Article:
Frog-like attitude

Flexion of the four limbs

Hypertonic

Very hypertonic

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3.PopJftaÜ angle

4150'

4

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) 100°

2100°

> 80°

4.[E0rEsll^i0m angjfeoff foott

40-50°

40-50°

C^TV

Full term ct^r*

S/S^raff' sign

'Scaf sign complete with no resistance

'Scarf sign more limited

Elbow slightly passes midline

Elbow almost reaches midline

6.R^urnfto fftwcorn off forearmi

Upper limbs very hypotonic lying in extension

Flexion of forearms begins to appear, but very weak

Strong 'return to flexion.' Flexion tone inhibited if forearm maintained 30 seconds in extension

Strong 'return to flexion.' Forearm returns very promptly to flexion after being extended for 30 seconds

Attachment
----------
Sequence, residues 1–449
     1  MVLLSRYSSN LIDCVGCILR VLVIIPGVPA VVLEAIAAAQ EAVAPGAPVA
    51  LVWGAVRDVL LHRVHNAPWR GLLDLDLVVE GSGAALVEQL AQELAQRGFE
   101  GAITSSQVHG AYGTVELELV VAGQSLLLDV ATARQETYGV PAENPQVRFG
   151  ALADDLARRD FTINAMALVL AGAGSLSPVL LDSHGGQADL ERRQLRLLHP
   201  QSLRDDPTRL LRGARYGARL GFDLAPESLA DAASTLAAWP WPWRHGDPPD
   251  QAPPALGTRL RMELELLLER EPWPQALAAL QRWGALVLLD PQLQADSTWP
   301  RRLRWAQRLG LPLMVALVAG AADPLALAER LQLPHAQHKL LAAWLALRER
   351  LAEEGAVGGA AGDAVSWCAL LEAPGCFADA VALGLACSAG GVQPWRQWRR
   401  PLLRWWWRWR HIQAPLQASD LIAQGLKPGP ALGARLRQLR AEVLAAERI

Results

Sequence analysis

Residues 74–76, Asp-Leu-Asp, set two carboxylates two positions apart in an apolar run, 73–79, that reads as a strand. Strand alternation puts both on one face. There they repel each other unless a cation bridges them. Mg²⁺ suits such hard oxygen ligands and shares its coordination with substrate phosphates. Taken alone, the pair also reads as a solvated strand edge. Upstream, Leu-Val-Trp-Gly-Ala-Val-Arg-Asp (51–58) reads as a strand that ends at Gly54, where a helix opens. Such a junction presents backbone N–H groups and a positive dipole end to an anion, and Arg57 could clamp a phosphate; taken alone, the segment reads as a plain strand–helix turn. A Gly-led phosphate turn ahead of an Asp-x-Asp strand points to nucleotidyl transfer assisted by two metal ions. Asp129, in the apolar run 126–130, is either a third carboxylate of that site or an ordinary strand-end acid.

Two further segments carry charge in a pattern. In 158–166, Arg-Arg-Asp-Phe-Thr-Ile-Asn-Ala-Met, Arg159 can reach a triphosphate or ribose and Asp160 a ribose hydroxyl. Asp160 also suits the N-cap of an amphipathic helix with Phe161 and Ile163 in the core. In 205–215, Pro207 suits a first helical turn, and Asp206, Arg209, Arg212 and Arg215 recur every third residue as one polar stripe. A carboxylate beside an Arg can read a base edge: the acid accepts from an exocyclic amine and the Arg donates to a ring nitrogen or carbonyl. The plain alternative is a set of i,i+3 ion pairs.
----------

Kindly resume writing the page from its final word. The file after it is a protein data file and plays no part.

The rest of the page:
Passive tone. Increase of tone with maturity illustrated by means of six clinical tests. (From Amiel-Tison, C.: Arch. Dis. Child.,43:89,1968.)

Figure 6.1A & B. Many scoring systems have been devised to assess by exam the gestational age of infants at birth. The originals are shown here in figures A & B, published by Amiel-Tison. The Dubowitz examination is one of the most complete systems, combining the general physical examination performed in the first hours of life with the neurologic evaluation carried out when the infant is at least 24 hours old. The Ballard Method abbreviates the Dubowitz scoring system and uses only 12 physical and neurologic criteria. Statistically, however, the Ballard is as accurate in assessing gestation age (± 2 weeks) as more thorough examinations and is most useful in the busy clinical setting.

Dubowitz Neurological Exam

Active tone. Increase of tone with maturity illustrated by means of four tests of righting reactions. (From Amiel-Tison, C.: In Gluck, L. (ed.), Modern Perinatal Medicine, Chicago, Year book Medical Publishers, 1974, p. 347.)